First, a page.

That’s the thesis presented by a recent article in The New York Times, which suggests that, while ultra-monetized companies such as Google and Facebook can fund as much A.I. research as they need, academic institutions and smaller firms are being left behind. “The huge computing resources these companies have pose a threat—the universities cannot compete,” Craig Knoblock, executive director of the Information Sciences Institute at the University of Southern California, told the newspaper.
The Times points to OpenAI, which launched as a nonprofit designed to prevent A.I. from being used in terrible and unethical ways, as an example of this trend. OpenAI has since evolved into a “capped” for-profit company, and reportedly plans to use any revenues to fund its computing infrastructure. “If you don’t have enough compute, you can’t make a breakthrough,” Ilya Sutskever, chief scientist of OpenAI, is quoted as saying.
It’s worth noting that Sutskever made nearly $2 million in 2016, according to reports, while another OpenAI researcher pulled down $800,000. In fact, it’s worth examining salaries and benefits as a crucial element in this particular mix—something the Times article doesn’t really delve into. The ability of big companies to offer millions of dollars in salary and stock compensation to individual A.I. researchers is a huge advantage, one that’s almost impossible for smaller companies—and all but the richest research institutions—to meet.
Compounding the issue are the working conditions. As one anonymous A.I. researcher wrote on Hacker News:
“So I am a machine learning researcher who moved to a FAANG as a research scientist after graduation. My salary is 10x against the grad student stipend. That does not even account for the free food, the healthcare, and other perks. However, I have not adjusted my lifestyle so it does not feel real.
The thing is, even though having 1000x the resources compared to university, that does not really make me happier about the work specifically. It makes some things easier and other things harder.
No, what I really feel is that at work I am not actually treated like a servant any more but like a person. I don’t have to work weekends and nights any more. I can take vacations and won’t be flooded with emails every.single.day during holidays. I don’t have extra unpaid responsibilities that I have zero recourse against.”
For a technologist well-versed in everything A.I.-related, trying to decide whether to work for an academic institution with grinding hours and relatively little compensation, or a fancy company with lots of money and perks… well, it’s probably a pretty easy decision, especially if they’re also facing down a huge load of student debt.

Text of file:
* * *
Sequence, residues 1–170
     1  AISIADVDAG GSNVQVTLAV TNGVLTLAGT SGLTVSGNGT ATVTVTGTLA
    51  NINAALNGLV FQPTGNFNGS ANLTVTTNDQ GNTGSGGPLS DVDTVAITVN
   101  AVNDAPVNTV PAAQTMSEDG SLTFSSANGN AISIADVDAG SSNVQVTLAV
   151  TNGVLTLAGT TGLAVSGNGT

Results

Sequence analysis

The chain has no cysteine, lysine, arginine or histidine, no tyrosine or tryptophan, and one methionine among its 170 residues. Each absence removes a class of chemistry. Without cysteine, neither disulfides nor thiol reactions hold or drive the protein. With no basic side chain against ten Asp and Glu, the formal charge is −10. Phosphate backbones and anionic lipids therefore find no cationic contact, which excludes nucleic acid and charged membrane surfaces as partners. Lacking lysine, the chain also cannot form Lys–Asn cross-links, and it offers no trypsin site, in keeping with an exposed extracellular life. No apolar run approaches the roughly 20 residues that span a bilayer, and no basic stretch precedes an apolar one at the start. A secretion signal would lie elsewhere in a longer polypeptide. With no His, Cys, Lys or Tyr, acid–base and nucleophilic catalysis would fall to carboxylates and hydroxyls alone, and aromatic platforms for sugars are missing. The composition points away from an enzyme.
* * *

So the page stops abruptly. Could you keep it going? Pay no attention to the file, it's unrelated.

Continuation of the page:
At least academic institutions have a slight advantage here. While an A.I. research team might not have millions to spend on infrastructure and salaries, they often have access to a well of brilliant researchers and up-and-coming talent. As A.I. and machine learning become more popular, more smart people will head to universities to learn the intricacies of these technologies; their brainpower, in turn, can help academia at least somewhat keep pace with the likes of Google and Facebook.
Smaller companies, however, are at much more of a loss. A startup with ten employees and a brilliant idea for an A.I.-powered service might find it impossible to pay for the necessary hardware and researchers. (For example, the just-released IEEE-USA Salary & Benefits Salary says that engineers with machine-learning knowledge are making an average of $185,000 per year—and that’s before you consider equity, bonuses, and other perks. Multiply that by 15 or 20, and there’s no way a small company can make that kind of payroll.)
The biggest tech companies recognize this challenge facing startups and small firms, which is why many are rushing to develop tools that allow workers to build A.I. and machine-learning models with just a few clicks. For example, Google is plunging into the ML-automation game with AutoML Video and AutoML Tables; Microsoft has automation and recommendation tools built into its Azure Machine Learning platform; then there’s IBM’s AutoAI, with a handful of tools for building A.I. and machine learning algorithms.
But while such tools might allow those smaller firms to build “smarter” platforms and tools, they might be out of luck when it comes to pioneering research. When it comes to the absolute cutting edge of technology, only a few companies have the necessary resources to plunge ahead. But hasn’t that always been the case?